A pragmalinguistic study of the strategies in motivational discourse (Based on Mark Zuckerberg’s Harvard commencement speech)
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Commencement speech, Discourse analysis, Discourse strategies, Motivational discourse, Motivational speeches, Motivational strategies, Speech acts.

How to Cite

Yerznkyan, Y., & Harutyunyan, L. . (2024). A pragmalinguistic study of the strategies in motivational discourse (Based on Mark Zuckerberg’s Harvard commencement speech). International Journal of English Language and Literature Studies, 13(2), 97–108. https://doi.org/10.55493/5019.v13i2.4982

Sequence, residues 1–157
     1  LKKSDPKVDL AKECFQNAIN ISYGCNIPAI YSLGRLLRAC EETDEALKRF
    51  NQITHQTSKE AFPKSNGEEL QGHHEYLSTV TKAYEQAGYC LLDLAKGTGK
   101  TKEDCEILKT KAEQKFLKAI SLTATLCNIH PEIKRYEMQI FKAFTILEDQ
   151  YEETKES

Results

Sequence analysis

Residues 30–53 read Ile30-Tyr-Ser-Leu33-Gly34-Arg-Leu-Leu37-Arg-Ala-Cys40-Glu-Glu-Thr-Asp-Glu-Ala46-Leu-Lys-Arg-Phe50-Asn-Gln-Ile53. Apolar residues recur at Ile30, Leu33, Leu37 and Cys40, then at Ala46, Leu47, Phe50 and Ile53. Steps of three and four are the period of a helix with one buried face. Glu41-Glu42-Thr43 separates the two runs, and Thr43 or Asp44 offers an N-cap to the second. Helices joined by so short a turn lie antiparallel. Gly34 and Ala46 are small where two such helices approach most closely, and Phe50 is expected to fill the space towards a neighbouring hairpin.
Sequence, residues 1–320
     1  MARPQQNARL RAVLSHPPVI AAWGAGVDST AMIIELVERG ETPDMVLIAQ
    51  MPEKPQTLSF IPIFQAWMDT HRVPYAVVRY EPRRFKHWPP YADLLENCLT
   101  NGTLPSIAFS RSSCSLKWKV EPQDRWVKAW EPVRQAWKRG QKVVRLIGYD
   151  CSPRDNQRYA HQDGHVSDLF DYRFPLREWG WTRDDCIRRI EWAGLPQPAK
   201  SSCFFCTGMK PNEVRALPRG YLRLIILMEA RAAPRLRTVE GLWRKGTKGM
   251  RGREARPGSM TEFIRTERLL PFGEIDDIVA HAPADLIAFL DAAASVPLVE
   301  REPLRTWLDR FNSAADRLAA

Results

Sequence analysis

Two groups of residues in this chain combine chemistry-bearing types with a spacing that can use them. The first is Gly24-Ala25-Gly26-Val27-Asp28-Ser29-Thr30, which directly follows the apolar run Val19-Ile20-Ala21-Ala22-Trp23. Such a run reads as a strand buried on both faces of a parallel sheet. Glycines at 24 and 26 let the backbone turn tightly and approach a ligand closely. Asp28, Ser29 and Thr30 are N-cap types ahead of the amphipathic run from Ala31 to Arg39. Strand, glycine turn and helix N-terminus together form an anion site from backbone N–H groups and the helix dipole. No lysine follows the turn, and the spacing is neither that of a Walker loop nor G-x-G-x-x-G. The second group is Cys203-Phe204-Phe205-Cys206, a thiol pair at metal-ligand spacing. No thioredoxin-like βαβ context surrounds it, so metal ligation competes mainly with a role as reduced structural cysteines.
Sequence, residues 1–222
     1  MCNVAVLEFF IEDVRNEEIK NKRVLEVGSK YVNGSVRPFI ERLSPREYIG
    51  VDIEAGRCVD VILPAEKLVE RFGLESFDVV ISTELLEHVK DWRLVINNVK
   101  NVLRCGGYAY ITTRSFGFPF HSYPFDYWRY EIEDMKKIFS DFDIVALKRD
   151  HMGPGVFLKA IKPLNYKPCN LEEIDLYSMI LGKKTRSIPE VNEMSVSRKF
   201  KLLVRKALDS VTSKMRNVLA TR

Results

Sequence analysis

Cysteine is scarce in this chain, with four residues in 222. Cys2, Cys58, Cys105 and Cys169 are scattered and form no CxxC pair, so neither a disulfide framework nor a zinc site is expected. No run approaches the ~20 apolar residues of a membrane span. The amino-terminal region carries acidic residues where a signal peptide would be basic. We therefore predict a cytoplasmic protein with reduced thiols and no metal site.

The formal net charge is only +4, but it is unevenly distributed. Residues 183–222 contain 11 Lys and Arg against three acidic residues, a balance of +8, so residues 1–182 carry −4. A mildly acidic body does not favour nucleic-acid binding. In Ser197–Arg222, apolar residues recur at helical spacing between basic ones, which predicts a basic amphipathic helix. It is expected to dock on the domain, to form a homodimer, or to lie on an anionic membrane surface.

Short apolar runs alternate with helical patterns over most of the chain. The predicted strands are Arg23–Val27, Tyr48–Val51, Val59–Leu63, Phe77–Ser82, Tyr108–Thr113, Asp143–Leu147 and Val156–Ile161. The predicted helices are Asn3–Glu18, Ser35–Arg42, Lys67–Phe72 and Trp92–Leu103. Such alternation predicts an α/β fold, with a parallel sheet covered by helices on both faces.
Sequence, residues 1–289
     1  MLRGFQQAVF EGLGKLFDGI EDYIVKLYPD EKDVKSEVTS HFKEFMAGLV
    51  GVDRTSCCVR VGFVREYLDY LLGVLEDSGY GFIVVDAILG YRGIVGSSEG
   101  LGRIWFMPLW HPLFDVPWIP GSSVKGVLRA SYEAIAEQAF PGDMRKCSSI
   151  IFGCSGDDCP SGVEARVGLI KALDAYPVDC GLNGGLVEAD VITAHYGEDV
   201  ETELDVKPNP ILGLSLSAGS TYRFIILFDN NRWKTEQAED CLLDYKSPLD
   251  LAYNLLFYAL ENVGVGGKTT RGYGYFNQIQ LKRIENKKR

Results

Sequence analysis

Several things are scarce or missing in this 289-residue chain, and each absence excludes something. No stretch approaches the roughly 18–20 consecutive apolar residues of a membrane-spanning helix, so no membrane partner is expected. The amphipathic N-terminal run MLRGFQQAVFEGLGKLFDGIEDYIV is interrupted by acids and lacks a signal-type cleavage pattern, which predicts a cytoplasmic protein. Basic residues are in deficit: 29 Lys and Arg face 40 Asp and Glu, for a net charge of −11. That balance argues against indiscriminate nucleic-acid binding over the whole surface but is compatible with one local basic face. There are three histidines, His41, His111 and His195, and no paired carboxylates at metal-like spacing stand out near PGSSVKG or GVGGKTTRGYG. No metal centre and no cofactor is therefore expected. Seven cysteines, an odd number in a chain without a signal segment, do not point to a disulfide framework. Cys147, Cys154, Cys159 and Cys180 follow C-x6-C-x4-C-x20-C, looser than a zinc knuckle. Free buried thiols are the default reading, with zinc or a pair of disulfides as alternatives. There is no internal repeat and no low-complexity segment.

The present paper addresses the main pragmalinguistic strategies employed by speakers within the framework of motivational discourse. Motivational discourse is defined as a verbal and non-verbal influence on the person to positively change their attitudes, actions and behaviour. The research specifically focuses on Mark Zuckerberg's 2017 commencement speech to Harvard graduates. The study uses discourse analysis to pinpoint different linguistic and pragmatic methods as well as the main speech acts that Zuckerberg uses in order to motivate and inspire his audience.  The researchers identify the strategies of praising, gratitude, humour, identification with the audience or inclusion strategy, direct or indirect instruction, storytelling, recognition and acknowledgment of others' success as the main pragmalinguistic tools used in motivational discourse. From the perspective of the types of speech acts employed in motivational discourse, we adhere to Searle's classification of speech acts (representatives or assertives, directives, commissives, expressives and declarations) since this typology of illocutionary acts contributes to a comprehensive analysis of motivational discourse. In these terms, the researchers observe the predominance of expressive, assertive and directive speech acts in motivational discourse. These interactions are successful at influencing the interlocutors' behavior and attitudes favorably. The study can be used as a foundation for further research into various formats of motivational discourse to better understand other techniques and strategies used to influence people's attitudes and behaviors.

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